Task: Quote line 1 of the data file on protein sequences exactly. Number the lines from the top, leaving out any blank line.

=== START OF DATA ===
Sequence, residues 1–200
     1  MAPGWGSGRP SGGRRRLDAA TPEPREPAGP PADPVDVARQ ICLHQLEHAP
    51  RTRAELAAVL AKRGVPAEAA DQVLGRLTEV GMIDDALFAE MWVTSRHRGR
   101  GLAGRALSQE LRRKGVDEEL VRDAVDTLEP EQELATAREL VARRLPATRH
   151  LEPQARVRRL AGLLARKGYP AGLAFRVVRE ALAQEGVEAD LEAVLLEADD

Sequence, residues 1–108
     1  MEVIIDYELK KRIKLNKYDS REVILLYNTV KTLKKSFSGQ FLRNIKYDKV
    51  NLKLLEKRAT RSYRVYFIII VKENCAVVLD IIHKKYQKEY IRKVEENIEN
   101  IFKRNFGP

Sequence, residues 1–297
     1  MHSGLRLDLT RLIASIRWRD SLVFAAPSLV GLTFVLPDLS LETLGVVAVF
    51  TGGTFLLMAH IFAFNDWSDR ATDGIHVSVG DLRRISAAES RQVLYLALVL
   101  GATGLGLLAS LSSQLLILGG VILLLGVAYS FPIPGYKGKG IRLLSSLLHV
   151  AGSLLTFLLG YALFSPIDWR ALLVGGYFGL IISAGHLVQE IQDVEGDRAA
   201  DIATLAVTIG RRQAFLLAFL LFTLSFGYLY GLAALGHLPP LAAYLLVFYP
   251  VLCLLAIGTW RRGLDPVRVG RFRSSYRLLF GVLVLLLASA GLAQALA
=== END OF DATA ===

Sequence, residues 1–200